Securing custody agreements parents can live with
By Erin Komada of Scaringi Law posted in Family Law on Friday, May 1, 2015.
One of the most complex and emotionally difficult issues when parents separate is how to manage custody of their children.
Custody plans the force of law. But when parents first separate, many may
try to manage the housing and care of their children by working out a
plan of their own.
An unfortunate reality is that when the inevitable arguments arise during a prolonged separation or divorce, it's not unusual to see these unofficial custody agreements fall apart. It's especially common when one of the parents begins seeing someone who then begins spending time with the children.
As an attorney at Scaringi Law, where I focus my practice on family law, divorce and child custody, I always give these parents the same warning: Should the other parent ever fail to hold up his or her end of the unofficial child custody arrangement, there will be no legal recourse to enforce it.
Types of custody
"Physical custody" addresses where the child will physically be present, i.e. in whose home will the child reside. Physical custody can be shared, or one parent can be awarded primary physical custody, or partial physical custody. Additionally, "legal custody" addresses which parent makes decisions that are important to the child's development.
Shared physical custody: The parents equally split the time that they have the child in their respective homes. There is give and take over the exact calendar for dividing the time, and parents can choose a schedule that best fits their needs and the needs of their children.
Primary and partial physical custody: One parent is granted primary physical custody, while the other parent is left with partial custody, which amounts to visits by the child, usually every other weekend and, perhaps, a weekly dinner. The exact schedule is subject to some leeway.
Legal custody: This covers the right of one or both parents to have a say over key decisions made for and about the child such as education, medical care and permission to play sports and the like. Legal custody can be shared, but in certain circumstances, one parent may be awarded sole legal custody.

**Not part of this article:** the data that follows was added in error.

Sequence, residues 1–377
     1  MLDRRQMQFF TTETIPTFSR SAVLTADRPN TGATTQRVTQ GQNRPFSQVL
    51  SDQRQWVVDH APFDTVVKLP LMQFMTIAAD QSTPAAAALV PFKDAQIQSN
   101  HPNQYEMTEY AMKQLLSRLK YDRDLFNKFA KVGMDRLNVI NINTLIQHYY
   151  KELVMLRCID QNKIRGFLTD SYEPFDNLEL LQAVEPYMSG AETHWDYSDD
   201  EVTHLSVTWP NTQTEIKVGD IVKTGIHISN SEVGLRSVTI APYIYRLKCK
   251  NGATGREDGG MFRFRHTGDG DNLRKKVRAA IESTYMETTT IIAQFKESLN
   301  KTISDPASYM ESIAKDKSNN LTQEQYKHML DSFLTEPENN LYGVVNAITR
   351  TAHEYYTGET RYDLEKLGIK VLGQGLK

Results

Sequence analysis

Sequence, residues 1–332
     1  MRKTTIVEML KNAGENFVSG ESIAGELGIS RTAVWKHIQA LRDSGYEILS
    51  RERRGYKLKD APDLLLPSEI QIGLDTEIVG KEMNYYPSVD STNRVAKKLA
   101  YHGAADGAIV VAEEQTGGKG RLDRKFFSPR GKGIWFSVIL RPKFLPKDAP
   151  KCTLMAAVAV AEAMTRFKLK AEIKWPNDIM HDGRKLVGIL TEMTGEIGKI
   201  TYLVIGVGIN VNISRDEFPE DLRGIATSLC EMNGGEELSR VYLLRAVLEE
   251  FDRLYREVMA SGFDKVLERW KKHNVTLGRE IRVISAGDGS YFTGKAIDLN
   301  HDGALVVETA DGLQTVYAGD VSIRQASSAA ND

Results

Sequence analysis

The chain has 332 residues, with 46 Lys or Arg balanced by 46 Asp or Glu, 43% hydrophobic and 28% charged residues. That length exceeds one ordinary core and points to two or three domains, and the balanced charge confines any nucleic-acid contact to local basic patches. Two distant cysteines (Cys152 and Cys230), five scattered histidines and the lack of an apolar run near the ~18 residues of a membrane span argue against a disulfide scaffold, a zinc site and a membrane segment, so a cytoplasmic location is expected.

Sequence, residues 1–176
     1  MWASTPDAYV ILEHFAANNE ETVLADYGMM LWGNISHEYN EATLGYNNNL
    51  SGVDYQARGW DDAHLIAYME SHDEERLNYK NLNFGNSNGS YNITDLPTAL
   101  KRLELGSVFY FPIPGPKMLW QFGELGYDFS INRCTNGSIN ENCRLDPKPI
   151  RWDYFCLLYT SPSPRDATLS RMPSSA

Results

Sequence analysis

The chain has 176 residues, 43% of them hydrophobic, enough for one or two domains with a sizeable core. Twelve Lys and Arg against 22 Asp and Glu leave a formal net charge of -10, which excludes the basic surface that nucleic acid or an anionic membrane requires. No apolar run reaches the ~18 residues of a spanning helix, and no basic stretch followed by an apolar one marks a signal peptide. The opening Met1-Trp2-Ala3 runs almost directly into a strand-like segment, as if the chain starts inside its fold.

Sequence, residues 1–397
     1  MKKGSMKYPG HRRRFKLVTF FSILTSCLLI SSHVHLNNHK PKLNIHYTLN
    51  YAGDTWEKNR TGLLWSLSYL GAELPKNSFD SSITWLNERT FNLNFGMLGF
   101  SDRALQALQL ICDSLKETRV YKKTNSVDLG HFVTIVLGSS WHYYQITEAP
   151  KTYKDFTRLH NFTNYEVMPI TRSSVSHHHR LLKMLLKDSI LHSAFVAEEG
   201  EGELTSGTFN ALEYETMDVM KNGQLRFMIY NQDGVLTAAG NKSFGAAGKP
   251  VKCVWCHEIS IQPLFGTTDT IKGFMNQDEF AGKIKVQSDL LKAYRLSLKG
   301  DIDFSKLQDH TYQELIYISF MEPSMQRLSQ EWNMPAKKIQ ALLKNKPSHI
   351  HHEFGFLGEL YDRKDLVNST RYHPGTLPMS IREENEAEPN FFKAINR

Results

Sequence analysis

I always urge parents to never waive their right to legal custody over their child, even when the other parent is granted primary physical custody. This preserves the right of both parents to have some say in their child's life.
Determining the right custody order
In Pennsylvania, there are statutory factors that guide the courts when determining custody arrangements.
These factors include, but are not limited to:
- Proximity of the parents' residences
- Current role either parent is playing in the emotional, educational and developmental growth of the child
- The child's other relationships with any nearby extended family.
Of course, the suitability of each parent is also at issue. If there is evidence of past domestic abuse or if parent has had issues with drug or alcohol abuse, this will influence the final custody order.
If one parent has any established abuse or character issues, or plans to move far from where the child goes to school and has his or her friends and relationships with other family members, then this parent is on a path toward partial custody. A shared custody agreement is more likely between parents who are closely matched in terms of their physical location and their positive involvement in the child's life.
Parents put to the test
The path toward a custody order begins with filing a custody complaint with the county Court of Common Pleas. This filing can be done at any time, but many parents do this as the first step in a separation.
This order will affect other issues, such as child support. Even a parent with shared physical custody can receive child support if the child's other parent has greater income.
Within a few weeks of filing for a custody order, a court conciliator - typically an attorney - is assigned to work with both parents on a custody agreement. If an agreement is reached, it goes before the judge for the official custody order. When the parents cannot agree, the case heads for a hearing.
In most cases the judge will want to talk with the child, either in court or privately in the judge's chambers, should the child be old enough to give meaningful input on his or her domestic situation. From the facts presented at the hearing, and after weighing the statutory factors, the judge issues a custody order that is in line with Pennsylvania's guiding legal principle of putting the best interests of the child first.
Custody orders can change
No one is at his or her best when a relationship is ending and the family is being fractured. But parents must keep their cool in these situations, or they risk having their custodial time diminish.
The saving grace is that no custody order is permanent. Under state law, a parent can request a judge's review of a custody order at any time. However, it is best for a parent to wait to request a revision until he or she can point to new circumstances that merit a change.
If your family is undergoing a transition that could require a custody order to protect your children and your relationship with them, don't hesitate to call. We fight for families such as yours every day.
To learn more about how Scaringi Law attorney Erin K. Komada can help you, call her toll-free at 877-LAW-2555 or email her at email@example.com